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Klein to Create Infrastructure Master Plan Based on Priorities

Mayoral candidate, Kevin Klein, knows that the City of Winnipeg needs strong financial leadership going forward. As of June 2022, the City of Winnipeg faces a general revenue deficit of $55.9 million and a transit shortfall of $14.7 million. To balance this year’s budget, the City may have to transfer from the reserve fund. The reserve fund is currently projected to be $20.1 million at the end of 2022, far lower than the mandated minimum balance of over $70 million.

My plan is simple. Utilize the remaining money committed in the $300 million Regional Roads agreement (set to expire in 2025). Winnipeg needs a strategic plan for infrastructure and road renewal to prioritize projects based on industry professionals. I will commit $2 million on the creation of an Infrastructure Plan for the City, created by industry experts to help Winnipeg identify strategic priorities. Not political promises used to buy votes.

Our plan will address the long-term infrastructure needs of roads, bridges, water and sewer systems to avoid unnecessary duplication of work. We will publish the results so the public can track the progress. This plan will allow for prioritization and informed decision-making.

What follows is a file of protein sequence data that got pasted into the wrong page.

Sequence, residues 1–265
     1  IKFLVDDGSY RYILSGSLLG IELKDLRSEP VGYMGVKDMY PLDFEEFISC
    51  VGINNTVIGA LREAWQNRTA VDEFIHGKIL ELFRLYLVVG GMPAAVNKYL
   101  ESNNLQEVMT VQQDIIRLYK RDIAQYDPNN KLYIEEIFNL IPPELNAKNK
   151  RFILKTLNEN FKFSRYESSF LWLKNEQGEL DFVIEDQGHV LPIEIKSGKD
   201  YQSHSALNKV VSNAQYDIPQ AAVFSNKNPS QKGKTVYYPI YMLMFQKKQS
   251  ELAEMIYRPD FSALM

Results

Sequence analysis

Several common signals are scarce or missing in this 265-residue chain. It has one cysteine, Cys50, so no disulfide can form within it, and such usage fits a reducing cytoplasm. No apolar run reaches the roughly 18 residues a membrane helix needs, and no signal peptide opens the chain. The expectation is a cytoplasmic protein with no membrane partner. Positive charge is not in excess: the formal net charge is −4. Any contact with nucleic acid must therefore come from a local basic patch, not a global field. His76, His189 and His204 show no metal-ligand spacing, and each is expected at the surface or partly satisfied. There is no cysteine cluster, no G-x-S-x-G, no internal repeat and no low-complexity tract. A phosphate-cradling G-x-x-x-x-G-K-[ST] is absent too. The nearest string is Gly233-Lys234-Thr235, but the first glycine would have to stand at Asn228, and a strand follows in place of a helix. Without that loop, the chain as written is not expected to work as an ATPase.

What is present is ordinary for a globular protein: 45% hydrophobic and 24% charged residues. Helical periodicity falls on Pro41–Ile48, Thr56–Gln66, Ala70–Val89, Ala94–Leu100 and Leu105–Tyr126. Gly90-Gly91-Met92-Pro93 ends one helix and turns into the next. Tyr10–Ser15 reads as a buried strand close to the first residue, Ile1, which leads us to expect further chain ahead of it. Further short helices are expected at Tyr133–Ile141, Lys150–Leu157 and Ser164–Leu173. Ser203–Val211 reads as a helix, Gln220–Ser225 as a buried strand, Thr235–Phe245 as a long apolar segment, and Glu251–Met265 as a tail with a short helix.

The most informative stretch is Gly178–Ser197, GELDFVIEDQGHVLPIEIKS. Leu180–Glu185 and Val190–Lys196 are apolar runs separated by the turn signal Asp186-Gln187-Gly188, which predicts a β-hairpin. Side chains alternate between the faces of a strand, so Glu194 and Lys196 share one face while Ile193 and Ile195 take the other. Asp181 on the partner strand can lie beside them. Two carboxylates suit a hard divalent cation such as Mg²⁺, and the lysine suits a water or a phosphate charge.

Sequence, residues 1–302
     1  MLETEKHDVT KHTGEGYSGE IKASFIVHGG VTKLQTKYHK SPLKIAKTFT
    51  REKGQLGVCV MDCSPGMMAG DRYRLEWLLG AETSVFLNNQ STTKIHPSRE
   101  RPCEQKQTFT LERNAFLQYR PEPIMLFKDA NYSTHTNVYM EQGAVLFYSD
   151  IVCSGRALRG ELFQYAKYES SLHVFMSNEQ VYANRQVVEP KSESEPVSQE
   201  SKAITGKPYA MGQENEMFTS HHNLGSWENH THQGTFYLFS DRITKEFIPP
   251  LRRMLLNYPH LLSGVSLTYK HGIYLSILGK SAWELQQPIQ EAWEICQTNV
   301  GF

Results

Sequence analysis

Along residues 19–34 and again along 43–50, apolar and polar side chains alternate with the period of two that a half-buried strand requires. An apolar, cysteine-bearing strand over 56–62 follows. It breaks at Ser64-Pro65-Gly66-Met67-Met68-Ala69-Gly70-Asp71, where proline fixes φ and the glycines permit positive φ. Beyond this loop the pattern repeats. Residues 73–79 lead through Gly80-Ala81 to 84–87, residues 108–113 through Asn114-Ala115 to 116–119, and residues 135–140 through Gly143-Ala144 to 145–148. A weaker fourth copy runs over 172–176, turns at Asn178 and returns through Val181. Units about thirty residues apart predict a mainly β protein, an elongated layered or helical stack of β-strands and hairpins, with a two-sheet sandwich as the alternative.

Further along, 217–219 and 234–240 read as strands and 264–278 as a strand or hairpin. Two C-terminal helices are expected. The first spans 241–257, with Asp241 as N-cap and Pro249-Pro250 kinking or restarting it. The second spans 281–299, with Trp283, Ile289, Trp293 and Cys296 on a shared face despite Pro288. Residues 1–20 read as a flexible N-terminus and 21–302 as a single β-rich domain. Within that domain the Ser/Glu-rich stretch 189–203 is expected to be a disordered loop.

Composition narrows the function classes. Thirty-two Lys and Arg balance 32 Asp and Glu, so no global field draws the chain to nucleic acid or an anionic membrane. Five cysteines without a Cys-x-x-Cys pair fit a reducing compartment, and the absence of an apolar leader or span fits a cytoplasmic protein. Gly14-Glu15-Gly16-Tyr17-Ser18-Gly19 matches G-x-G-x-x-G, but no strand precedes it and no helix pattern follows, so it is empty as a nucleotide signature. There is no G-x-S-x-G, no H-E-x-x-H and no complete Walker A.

The status quo is not working. Over the last 8 years, you have paid 16% more in property tax specifically for road work. Under Bowman and Scott Gillingham, recently, those funds have been redirected to cover budget shortfalls. As Mayor, I will stop the mismanagement of your money. My plan will stop these practices and unnecessary costs that stem from poor planning. RFP’s must have clear budgetary expectations and measurable outcomes for every project.

We need to take the politics out of our roads, maintenance, and infrastructure programs. By using advisory boards along with partnerships with leaders and department heads across various sectors, we can receive front-line and resident input to best serve taxpayers.

Klein said, "When making decisions, I will ensure we are listening to the priorities of residents and industry who pay us to provide proper, safe, and reliable infrastructure to keep our city moving into the future.

"Good planning makes great cities," said Klein.


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